In July last year the ACT government widened the criteria for those seeking to be nominated by the territory government for permanent residency…

“When the subclass 190 visa popped up, the students started streaming in,” Min Gurung, marketing and sales manager from JP International College, in Mawson said. The college experienced an increase of 300-400 students in the past year, with many students moving to the ACT with their partners and young families…

Unity College in Belconnen experienced an almost two-fold increase in its student numbers to about 50…

Some operators of the colleges are reluctant to speak out, with one reporting his institution had about 100 students before July last year. In the past year, that number grew to about 300 students…

It’s believed up to eight colleges have opened in the past year and more applications could be in the works…

Last month’s Four Corners report was especially critical of the quality of students arriving from the Indian sub-continent, reporting widespread cases of academic misconduct, plagiarism, and students failing their courses.

For example, maths lecturer and academic misconduct investigator, Dr Duncan Farrow, told Four Corners:

“I have just reviewed the results for students from the Punjab region in BSC100 Building Blocks for Science Students and it is depressing. Of the 52 students in this category, 12 have passed the unit outright — a pass rate of less than 25 per cent”.

Murdoch University’s Professor Benjamin Reilly expressed similar concerns:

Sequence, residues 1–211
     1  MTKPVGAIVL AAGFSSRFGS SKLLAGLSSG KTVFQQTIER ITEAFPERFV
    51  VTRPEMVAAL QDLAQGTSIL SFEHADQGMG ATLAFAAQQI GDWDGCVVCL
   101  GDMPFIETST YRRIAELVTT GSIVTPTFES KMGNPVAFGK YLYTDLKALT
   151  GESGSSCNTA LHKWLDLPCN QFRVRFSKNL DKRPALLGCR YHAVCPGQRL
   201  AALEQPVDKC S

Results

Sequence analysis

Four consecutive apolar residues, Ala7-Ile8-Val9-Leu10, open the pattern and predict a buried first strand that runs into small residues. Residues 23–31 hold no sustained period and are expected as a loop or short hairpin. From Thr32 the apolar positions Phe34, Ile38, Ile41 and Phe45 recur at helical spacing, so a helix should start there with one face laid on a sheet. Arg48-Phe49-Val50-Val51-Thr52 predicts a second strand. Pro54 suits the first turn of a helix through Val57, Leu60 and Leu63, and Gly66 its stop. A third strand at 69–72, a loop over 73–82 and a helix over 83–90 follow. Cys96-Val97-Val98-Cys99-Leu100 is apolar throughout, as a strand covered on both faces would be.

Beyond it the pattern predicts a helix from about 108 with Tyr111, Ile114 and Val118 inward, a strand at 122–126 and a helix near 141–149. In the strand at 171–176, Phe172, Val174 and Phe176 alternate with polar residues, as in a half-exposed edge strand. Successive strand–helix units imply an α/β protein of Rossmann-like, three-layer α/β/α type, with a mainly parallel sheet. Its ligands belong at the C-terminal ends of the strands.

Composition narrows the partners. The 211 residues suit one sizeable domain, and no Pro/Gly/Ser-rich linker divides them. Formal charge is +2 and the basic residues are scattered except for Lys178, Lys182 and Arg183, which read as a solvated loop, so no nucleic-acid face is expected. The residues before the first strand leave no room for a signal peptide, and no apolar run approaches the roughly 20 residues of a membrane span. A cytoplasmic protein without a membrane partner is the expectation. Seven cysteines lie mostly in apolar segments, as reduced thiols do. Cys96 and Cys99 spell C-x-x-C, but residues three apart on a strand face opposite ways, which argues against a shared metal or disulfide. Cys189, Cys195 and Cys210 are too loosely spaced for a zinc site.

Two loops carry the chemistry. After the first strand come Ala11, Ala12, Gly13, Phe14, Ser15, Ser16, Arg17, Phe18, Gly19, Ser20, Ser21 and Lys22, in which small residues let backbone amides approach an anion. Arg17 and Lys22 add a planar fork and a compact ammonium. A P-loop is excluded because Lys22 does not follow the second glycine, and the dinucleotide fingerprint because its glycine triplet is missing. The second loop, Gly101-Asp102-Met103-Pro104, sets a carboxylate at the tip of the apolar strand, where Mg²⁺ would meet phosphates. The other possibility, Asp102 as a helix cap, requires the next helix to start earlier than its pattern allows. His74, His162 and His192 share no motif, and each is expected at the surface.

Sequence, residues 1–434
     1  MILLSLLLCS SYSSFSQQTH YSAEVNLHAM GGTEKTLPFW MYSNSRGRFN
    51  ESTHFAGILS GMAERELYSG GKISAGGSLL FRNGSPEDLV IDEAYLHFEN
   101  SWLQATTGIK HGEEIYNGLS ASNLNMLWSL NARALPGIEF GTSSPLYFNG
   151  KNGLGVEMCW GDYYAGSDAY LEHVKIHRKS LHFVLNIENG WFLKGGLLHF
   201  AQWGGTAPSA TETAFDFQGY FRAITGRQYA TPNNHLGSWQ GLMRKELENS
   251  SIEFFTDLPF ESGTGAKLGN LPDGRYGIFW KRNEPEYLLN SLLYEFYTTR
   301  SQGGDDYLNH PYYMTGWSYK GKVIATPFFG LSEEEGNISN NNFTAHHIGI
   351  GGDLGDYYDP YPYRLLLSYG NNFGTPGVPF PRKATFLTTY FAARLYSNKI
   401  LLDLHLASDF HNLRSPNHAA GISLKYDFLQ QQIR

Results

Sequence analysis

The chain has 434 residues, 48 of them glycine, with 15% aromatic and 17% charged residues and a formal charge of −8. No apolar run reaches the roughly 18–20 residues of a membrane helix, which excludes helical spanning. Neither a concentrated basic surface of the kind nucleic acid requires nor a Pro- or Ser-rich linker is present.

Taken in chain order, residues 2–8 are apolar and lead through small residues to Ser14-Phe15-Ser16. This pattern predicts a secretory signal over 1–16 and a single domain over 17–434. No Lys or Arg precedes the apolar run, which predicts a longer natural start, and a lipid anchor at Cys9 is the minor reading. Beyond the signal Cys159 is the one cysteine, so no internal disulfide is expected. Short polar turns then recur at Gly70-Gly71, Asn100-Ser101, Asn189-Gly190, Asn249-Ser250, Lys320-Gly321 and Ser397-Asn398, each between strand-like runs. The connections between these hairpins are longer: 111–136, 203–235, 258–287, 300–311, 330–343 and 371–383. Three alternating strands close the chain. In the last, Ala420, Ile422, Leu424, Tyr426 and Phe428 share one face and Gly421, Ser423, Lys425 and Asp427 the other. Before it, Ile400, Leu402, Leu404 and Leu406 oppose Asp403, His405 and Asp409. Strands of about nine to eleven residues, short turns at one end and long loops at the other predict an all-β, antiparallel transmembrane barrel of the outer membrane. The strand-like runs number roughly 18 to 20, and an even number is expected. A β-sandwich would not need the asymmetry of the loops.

“In semester one 2018 we experienced a surge in new international students into some postgraduate courses. This surge increased sharply in semester two 2018, with several hundred new students, mostly from the Punjab region of India, enrolling in a small number of postgraduate courses.

“While some were OK, many do not have the language skills to study at a postgraduate level and have thus been unable to participate in class or complete assessments for the units legitimately.

“Hence we now have a much larger number of academic misconduct issues, supplementary assessments and outright failures than we have previously experienced in the units in which this cohort has enrolled”…

In a similar vein, Inside Story’s Tim Colebatch warned that large numbers of Nepalese students are flocking to Australia on spurious grounds, and risk repeating the training visa scams experienced a decade ago:

…one source stands out: the little Himalayan country of Nepal, just thirty million people, living in one of Asia’s poorest countries…

Over the five years to mid 2018, one in every 500 Nepalis emigrated to Australia — and that’s in net terms, after deducting those who returned. In 2017–18, little Nepal became Australia’s third largest source of migrants after India and China…